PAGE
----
So Alex Pareene of Salon wrote an article on Friday in which he argued that the only solution to the problem of greedy, dumb sports team owners is to nationalize sports teams. It’s a legitimate argument — certainly no worse than nationalizing Facebook, especially since there you’d face a conundrum over which nation should do it — and there are plenty of examples of public- or community-owned teams that have operated successfully. But then Pareene pulls out the favorite object lesson of socialized sports everywhere, the Green Bay Packers:

We already have an example of what this would look like in the NFL with the Green Bay Packers, a publicly-owned team operated as a non-profit corporation. It has been a stunning success, with the person in charge of all football decisions having that authority not because he made a lot of money in direct marketing or real estate, or because his father owned the team, but because of his experience and expertise in football. Nationalized teams would be free of unscrupulous, meddling owners. There’s no reason why they wouldn’t continue to be massive money-makers, though now that money would be going toward the communities that follow and love the teams, and not random lucky billionaires who usually don’t even live in the same state.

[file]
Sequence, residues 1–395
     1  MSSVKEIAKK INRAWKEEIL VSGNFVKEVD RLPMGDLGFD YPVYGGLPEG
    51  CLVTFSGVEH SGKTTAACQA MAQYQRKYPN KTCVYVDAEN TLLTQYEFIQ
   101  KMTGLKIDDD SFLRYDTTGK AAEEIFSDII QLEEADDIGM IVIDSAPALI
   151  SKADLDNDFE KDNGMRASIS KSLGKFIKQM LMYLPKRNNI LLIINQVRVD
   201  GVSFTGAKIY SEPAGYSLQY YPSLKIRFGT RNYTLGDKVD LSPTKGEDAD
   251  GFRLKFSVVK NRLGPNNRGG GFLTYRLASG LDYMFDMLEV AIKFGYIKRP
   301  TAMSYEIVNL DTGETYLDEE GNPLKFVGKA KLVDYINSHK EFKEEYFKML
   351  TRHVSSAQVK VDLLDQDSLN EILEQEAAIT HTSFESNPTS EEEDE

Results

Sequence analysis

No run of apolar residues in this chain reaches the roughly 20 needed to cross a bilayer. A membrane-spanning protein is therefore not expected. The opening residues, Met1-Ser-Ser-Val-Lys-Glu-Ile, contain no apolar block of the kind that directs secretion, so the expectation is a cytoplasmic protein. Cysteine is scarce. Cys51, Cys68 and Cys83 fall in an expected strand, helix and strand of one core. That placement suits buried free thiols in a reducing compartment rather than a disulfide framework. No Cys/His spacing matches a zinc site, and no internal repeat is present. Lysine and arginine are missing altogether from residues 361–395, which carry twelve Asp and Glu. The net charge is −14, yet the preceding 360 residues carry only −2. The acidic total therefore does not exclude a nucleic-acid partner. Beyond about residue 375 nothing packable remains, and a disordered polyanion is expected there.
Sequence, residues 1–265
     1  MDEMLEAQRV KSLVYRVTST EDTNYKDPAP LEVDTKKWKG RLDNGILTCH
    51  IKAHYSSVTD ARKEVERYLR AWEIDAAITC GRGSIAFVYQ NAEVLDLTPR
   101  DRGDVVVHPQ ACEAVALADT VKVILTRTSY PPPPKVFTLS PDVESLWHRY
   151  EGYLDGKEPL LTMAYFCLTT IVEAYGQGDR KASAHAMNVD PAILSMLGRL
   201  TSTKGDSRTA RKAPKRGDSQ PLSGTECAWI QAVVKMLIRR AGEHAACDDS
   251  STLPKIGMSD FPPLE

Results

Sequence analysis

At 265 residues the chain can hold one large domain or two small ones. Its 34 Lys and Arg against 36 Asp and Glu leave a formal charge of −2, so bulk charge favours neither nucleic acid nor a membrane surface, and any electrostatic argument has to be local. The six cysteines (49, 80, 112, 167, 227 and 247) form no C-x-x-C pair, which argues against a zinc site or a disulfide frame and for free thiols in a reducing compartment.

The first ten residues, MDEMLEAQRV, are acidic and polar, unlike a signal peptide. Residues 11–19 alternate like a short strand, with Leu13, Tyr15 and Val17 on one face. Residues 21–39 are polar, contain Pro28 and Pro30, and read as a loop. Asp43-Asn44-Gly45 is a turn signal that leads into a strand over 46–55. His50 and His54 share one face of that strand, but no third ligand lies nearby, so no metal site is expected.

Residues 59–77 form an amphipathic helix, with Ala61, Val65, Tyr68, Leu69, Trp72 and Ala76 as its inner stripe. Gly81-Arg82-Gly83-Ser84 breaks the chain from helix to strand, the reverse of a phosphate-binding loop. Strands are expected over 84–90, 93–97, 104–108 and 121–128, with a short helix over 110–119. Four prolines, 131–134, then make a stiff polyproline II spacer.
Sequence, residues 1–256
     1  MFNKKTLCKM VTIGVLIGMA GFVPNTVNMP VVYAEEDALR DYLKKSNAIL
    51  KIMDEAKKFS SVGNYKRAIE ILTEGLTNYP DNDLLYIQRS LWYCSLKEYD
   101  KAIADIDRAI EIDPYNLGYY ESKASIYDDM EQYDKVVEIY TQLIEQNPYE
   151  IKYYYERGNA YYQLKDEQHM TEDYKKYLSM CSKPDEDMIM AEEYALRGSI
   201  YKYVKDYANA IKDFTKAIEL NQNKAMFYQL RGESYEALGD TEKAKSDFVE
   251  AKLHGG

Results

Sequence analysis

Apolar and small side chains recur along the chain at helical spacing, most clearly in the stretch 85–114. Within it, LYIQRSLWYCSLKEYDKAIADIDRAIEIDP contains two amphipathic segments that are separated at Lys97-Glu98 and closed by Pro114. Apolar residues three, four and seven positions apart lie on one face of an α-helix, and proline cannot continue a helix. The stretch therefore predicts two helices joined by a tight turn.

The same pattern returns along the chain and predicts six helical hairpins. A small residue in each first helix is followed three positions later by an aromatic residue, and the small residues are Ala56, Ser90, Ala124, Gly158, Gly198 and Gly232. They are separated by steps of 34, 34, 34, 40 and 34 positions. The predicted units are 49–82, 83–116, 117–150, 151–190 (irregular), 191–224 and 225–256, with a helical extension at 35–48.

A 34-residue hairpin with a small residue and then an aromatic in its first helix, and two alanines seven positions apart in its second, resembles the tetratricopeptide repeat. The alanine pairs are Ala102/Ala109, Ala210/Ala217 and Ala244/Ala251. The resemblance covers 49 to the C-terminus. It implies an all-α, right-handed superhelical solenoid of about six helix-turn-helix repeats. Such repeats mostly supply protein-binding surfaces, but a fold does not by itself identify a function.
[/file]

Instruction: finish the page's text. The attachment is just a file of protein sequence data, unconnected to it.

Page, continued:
First off, the Packers aren’t “publicly owned” in the sense of being owned by the public; they’re a not-for-profit owned by more than 100,000 people, which is an odd model, but probably was marginally less odd back in the 1920s when the team was first set up. Fans buy shares in the Packers, and get nothing back except the right to elect a board of directors — not altogether unlike how some European soccer teams operate, albeit through a slightly different mechanism. The team plows profits back into operating costs and a reserve fund, which currently sits at around a quarter-billion dollars.

All of which is well and good, but when Pareene suggests that Packerizing all of pro sports would help eliminate “extortionate threats to move that encourage public funding,” he’s forgetting something:

On Sept. 12, 2000, Brown County voters by a 53-47 percent margin agreed to tax themselves for the $295 million renovation of Lambeau Field, a project that Green Bay Packers leaders said was crucial to the future of the franchise…